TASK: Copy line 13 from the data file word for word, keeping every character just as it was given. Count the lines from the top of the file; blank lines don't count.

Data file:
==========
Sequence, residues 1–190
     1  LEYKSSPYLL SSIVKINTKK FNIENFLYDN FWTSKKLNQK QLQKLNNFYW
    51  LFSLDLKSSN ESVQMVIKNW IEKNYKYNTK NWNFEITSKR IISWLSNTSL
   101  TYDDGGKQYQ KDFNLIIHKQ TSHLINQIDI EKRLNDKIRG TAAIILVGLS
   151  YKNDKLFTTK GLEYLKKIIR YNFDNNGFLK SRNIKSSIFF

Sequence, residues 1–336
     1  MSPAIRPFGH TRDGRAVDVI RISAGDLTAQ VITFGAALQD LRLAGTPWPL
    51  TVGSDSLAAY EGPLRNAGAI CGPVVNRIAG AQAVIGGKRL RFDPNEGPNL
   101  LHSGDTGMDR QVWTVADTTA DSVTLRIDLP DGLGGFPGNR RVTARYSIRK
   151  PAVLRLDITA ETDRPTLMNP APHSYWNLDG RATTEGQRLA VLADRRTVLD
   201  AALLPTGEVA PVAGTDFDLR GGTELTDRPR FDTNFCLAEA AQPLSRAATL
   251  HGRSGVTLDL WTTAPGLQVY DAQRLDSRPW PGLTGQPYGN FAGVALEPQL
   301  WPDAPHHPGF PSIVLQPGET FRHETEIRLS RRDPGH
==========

   301  WPDAPHHPGF PSIVLQPGET FRHETEIRLS RRDPGH